What would a modern festival be for you?

There are so many different festivals and I’m the last person to put a value judgement on them. Everything is very contextual so there is no all-purpose solution like a “super festival”. But what excites me and what I have had good experiences with is understanding and respecting the place in which one is operating and working there through dialogue. In 2013 I had the great pleasure of curating the Festival n.a.t.u.r which stands for “natural aesthetic meets urban space”.

Its slogan was: “How do we want to live?”  

Exactly. This festival was always very participatory and open. The decision where the journey was going was taken in the course of making it – if we’d had a fixed idea from the start, nothing would have been able to grow there. That’s the process part that I value so much and sometimes something unique happens that you could never have thought of on your own: in this case a conglomerate of collective energy and creativity that kept the entire city on tenterhooks for twelve days with over 170 events.

You invited Christopher Dell to the n.a.t.u.r. festival – why was he important for you?

Christopher Dell essentially has two professions – he researches urban development and is a teaching professor but he is also an experienced jazz theoretician and an excellent vibraphonist. What motivates him in both these fields is his love of improvisation. So with his philosophical-musical lecture performance he was the ideal opening artist for an urban art project.

Is it possible to improvise in academia?

Absolutely. Everything is always fluid: urban development and society are always moving, think about them in static terms and you’re lost. That’s one thing that I’ve learned from Christopher Dell.

Improvisation is the central element in jazz. You once said that for you improvisation is the counterpoint to social changes that you find undesirable. Improvisation as therapy for our society. Why do you believe that?

We are all improvising. All the time. Angela Merkel just as much as we are in this interview. Certain things can be learned, obviously: you go through training, school, university to prepare yourself for life. But in practice most things don’t happen the way you thought they would. In fact you never know how something will work. We would be in a very different place if people didn’t have the courage to improvise every day.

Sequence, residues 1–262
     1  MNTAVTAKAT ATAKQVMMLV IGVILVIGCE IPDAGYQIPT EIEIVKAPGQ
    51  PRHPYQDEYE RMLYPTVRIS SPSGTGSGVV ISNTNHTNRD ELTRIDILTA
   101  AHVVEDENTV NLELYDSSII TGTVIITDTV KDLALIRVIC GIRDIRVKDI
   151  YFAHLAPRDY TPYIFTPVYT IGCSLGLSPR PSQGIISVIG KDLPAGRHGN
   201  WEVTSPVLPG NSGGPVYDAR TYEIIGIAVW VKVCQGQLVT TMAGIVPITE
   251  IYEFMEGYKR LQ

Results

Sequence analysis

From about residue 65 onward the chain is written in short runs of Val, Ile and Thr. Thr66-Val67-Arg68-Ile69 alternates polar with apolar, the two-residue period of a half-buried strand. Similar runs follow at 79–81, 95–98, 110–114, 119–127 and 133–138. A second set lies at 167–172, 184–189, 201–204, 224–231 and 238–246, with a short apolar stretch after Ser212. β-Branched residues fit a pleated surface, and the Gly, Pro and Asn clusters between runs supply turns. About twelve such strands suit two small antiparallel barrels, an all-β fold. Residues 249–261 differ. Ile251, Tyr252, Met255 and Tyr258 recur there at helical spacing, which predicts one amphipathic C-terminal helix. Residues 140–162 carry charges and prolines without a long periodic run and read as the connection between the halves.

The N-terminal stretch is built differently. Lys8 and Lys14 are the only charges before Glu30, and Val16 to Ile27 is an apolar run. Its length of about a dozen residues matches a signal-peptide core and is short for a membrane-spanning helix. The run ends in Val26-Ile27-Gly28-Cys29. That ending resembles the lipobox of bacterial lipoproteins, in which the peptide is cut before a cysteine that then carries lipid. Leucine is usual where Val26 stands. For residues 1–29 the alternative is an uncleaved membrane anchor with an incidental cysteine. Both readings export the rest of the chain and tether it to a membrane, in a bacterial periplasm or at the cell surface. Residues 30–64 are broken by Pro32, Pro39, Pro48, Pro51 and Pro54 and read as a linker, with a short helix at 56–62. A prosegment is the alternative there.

In your work you seem very receptive to impulses that have an effect on you. Could that be indicative of a new generation of curators who travel to festivals together and exchange ideas? In my generation there was a more jealous approach: I’m not going to tell anyone what I’ve discovered … 

I think that’s now developing very nicely. In jazz too there are all sorts of personalities and views but in the last twelve years I have learned to value everything that goes through my network. Exchange is fundamental to having ideas – what’s the point of travelling if I’m going to keep everything I’ve experienced to myself? Of course there are loners and it is competitive but fortunately there are a lot of colleagues who need a collective approach for their work – and that’s not a question of generations but of mentalities. I’ve been able to learn an incredible amount from older colleagues and been given intelligent advice and recommendations.

Was it true of your work from the start that you placed so much value on exchanging ideas?

I didn’t start by working in a large institution but I was able to combine freelance projects and jobs with institutions. But I was fighting on my own for many years and therefore had to rely on partners to be able to achieve and finance my ideas.

Is it harder for you as a woman?

Let’s put it this way: the gender debate has finally been getting louder and louder in the fields of culture and jazz. I’ve just come from the Winter Jazz Festival in New York where hundreds of people queued up to attend a panel on “Gender & Jazz”. This issue has been neglected for decades and has now become impossible to ignore. The lack of equality between women and men has also entered the collective conscious in the field of jazz: and that is the first step towards change.

Is jazz a man’s world?

On the side of the presenters, curators, big labels, journalists, institutions and also on the side of the musicians, men are the dominant gender not only in terms of numbers. But that is also a problem of society as a whole. I really don’t know whether it’s worse in jazz than in other areas of culture. The baffling thing is more that it does also happen in jazz when it’s supposed to be the art of freedom.

At the Jazzfest Berlin before last, that Richard Williams curated and which you worked on, 50 per cent of the bandleaders were women. Was that a coincidence?

An awareness of greater diversity – not only with respect to gender but also for diverse forms and cultures within jazz – was obviously not a coincidence. And I will make sure that it continues to be taken into account.

Can you describe how the plans for your first Jazzfest Berlin in 2018 are currently shaping up? How do you go about programming?

One small example among many: the legendary Art Ensemble of Chicago will resume its reunion tour this autumn after an interval of several years. I want to use this occasion to take a closer look at Chicago and establish a link between its history and what’s happening now, to open a door to Berlin and the Jazzfest to other artists from that city where appropriate. I’m also concerned with the great challenges of our times such as the volatile political climate and social divisions. Festivals are socially relevant. They can be accelerators, spark debates or make time stand still for a moment. In any event they should be places for analysis and discussion.

Translation: David Tushingham

The German version of this interview is available in the Berliner Festspiele’s annual magazine for 2018.